Winter lingered longer than welcome and spring was slow to arrive. The season has finally begun to blossom, if not yet in local backyards, then gloriously at the Fairfield Garden Club's Centennial Flower Show last weekend at the historic Burr Homestead, where an array of colorful flowers is in bloom.

The event was not the club's 100th annual show, rather it commemorates the 100th anniversary of the organization, which was established in 1915 with a gathering of 25 women, including Mabel Osgood Wright, the club's first president and founder of the Birdcraft Museum. The women met "for the pleasure and profit of amateur gardeners, where ideas could be exchanged and interest stimulated in the proper care of flowers and vegetable gardens."

The local club organizes its flower shows on average every three years. After record cold and snowfall, this show couldn't come soon enough.

"All of these bulbs were under the ground 10 days ago," said committee member Penny Ross, amazed and grateful that they finally sprang to life.

"It's phenomenal. Spring is here," said Whitney Vose, co-chairwoman of horticulture for the club, at Friday's preview party.

The show, titled "The Best of Times," featured more than 100 entries in five categories: floral design, horticulture, photography, conservation and garden history, and design. Judged classes include themes that reflect the club's history from the past to the technological present with names like Fly Me to the Moon, A Bee in her Bonnet, In a Sentimental Mood, No Thyme like the Present and CU@8.

Two of the club's members won Best of Show awards in their respective categories -- Peggy Moore for her "colorful rhythmic design skillfully executed in beautiful proportion to its space," according to the judges in the floral design competition You Must Remember This, and Kate Jamison for her miniature landscape that the judges in the horticulture class titled Rock N' Roll called a "spectacular presentation of compatible plant material growing together for up to ten years."

Jamison also received a second award for the same entry, a horticultural medal offered by the national garden club organization. Ross said that award is not guaranteed at every flower show; it is awarded only if merited.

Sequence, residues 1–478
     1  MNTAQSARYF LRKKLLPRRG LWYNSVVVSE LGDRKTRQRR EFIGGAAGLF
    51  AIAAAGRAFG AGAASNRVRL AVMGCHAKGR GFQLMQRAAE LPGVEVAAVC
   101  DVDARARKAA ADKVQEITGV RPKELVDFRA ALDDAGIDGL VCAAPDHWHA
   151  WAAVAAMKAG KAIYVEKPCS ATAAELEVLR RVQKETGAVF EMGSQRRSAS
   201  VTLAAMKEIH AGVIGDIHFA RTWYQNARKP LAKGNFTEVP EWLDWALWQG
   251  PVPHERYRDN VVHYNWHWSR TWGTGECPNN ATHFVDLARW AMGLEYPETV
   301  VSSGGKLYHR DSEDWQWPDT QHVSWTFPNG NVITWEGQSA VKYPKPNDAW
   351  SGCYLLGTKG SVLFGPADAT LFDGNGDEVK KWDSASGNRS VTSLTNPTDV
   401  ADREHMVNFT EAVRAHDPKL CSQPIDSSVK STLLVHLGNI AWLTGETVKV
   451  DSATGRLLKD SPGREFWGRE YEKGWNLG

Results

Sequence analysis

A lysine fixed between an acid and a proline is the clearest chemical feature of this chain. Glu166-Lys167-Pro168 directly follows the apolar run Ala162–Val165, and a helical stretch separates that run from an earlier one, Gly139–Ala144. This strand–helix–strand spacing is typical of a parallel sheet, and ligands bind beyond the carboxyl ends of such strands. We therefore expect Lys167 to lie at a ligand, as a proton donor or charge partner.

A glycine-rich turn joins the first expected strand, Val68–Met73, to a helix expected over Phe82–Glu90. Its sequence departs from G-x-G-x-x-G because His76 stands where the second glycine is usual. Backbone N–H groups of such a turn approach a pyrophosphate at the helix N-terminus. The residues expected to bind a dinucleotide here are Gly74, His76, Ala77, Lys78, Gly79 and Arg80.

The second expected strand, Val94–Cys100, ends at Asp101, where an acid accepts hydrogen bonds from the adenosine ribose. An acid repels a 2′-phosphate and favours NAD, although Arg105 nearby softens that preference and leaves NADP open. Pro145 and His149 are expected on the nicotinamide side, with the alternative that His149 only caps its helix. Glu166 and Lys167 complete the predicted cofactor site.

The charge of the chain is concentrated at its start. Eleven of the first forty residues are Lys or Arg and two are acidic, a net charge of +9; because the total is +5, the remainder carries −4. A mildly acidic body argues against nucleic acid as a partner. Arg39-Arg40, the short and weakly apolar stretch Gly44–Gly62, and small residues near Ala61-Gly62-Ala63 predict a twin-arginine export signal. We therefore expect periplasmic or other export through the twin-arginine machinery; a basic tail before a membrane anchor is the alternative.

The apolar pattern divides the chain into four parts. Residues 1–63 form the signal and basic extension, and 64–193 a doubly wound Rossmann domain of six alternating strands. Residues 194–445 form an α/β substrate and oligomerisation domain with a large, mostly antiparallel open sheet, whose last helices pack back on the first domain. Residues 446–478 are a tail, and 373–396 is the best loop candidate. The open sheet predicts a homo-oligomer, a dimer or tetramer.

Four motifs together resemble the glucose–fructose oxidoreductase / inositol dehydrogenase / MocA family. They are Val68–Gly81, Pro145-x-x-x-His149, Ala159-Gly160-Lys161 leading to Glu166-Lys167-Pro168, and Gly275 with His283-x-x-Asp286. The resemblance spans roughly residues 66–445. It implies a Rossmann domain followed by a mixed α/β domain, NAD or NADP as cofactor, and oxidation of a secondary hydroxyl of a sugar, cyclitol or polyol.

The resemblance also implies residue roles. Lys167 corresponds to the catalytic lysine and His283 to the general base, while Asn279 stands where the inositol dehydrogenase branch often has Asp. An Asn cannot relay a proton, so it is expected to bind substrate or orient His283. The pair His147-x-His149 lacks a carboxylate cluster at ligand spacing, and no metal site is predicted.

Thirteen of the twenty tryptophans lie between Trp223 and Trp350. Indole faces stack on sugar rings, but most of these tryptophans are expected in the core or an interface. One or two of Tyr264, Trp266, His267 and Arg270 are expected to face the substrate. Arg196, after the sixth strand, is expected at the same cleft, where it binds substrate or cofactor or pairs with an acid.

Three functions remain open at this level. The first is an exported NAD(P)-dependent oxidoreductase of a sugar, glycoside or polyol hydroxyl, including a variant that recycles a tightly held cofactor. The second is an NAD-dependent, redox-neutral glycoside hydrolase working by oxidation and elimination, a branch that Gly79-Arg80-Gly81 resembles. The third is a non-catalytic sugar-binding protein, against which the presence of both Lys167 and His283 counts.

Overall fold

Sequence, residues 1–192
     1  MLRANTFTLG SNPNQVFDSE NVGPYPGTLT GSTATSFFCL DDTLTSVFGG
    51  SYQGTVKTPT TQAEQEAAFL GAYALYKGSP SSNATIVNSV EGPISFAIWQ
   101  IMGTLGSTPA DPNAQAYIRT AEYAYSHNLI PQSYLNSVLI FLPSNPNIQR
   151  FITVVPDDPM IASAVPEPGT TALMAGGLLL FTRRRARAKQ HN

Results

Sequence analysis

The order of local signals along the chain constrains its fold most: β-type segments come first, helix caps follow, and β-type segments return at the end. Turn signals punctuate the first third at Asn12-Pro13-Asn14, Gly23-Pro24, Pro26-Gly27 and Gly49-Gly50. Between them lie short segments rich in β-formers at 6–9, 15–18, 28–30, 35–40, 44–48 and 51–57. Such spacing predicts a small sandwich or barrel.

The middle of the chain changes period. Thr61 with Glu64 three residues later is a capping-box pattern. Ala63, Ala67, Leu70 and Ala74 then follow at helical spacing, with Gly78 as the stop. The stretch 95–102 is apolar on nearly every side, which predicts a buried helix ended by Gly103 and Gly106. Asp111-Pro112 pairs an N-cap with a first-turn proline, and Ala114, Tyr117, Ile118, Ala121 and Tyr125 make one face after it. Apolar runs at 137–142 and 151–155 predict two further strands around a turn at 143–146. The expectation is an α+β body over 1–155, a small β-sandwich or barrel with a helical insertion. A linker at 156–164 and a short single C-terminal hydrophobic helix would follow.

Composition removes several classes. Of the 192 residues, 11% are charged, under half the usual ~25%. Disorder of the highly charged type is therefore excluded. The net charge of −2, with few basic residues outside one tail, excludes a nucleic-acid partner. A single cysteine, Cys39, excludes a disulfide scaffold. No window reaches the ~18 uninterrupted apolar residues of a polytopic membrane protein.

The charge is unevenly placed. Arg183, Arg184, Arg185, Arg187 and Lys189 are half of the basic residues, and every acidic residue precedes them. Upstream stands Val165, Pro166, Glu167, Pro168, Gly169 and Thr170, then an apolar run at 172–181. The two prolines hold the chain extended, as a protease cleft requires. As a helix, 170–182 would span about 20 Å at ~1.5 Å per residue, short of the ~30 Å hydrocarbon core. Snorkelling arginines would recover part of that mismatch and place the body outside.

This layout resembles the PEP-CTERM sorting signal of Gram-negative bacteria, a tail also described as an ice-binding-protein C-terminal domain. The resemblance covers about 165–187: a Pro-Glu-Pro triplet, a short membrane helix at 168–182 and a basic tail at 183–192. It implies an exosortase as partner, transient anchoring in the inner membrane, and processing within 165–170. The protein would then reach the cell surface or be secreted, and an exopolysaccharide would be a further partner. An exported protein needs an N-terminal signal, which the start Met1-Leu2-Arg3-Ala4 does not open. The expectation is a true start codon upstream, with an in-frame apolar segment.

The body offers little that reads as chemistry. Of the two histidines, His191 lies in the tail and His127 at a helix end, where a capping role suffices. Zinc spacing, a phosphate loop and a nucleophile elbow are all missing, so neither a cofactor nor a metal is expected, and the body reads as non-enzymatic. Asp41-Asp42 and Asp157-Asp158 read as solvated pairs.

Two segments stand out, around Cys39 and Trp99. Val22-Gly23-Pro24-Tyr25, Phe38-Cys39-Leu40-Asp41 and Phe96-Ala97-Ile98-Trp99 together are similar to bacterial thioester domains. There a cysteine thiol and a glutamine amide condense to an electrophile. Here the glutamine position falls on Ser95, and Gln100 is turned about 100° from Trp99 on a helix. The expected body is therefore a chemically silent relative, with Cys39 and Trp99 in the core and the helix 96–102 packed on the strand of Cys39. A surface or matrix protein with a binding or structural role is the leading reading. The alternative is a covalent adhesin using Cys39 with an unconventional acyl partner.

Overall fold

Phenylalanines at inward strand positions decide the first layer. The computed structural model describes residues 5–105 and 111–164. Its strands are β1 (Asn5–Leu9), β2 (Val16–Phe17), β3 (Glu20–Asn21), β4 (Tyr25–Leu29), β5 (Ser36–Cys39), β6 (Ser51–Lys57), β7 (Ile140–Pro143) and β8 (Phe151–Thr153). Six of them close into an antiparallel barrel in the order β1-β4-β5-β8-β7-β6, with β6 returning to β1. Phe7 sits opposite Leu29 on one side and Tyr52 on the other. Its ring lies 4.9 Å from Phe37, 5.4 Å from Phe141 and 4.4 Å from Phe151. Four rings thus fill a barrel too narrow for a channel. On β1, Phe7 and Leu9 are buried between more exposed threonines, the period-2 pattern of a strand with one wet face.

"It has to be a remarkable horticulture entry," someone else said of the citation. "It's a big honor," said Jamison, a Fairfield resident.

Moore, also of Fairfield, said she has entered the competition numerous times in her 27 years as a member. She didn't expect to have time to create a floral design this year because she is head of the staging committee for the show. Her winning design was a last-minute entry.

At the preview party people marveled at the creativity in each floral class, including one in which flowers and other materials were used to make designs resembling hats. "You could really wear that," said Susan Schieffelin, president of the Greenwich Daffodil Society.

A second-floor exhibit showed the evolution of Fairfield's Town Green campus, "one of the oldest cultural landscapes in America."

On the first floor, an entry titled What a Wonderful World: A profile of Brown's Brook at Historic Ogden House won the Marion Thompson Fuller Brown Conservation Award for "exceptional educational and visual merit."

"The Best of Times" is a celebration of the legacy of our involvement in civic projects, beautification and conservation education in Fairfield over the past 100 years," said Fairfield Garden Club President Rebecca Jensen. Brown's Brook is one of the club' many civic projects, which will benefit from funds raised at the show. It includes an apiary at Oaklawn Cemetery. Honey from that beehive and beeswax candles were for sale in the show boutique.

Jensen said the club has also planted 100 hybrid American chestnut trees, "thousands upon thousands" of flowering bulbs and maintains a kitchen garden at the historic Ogden House on Bronson Road.

For more information about the Fairfield Garden Club, visit its website, www.fairfieldgardenclub.org.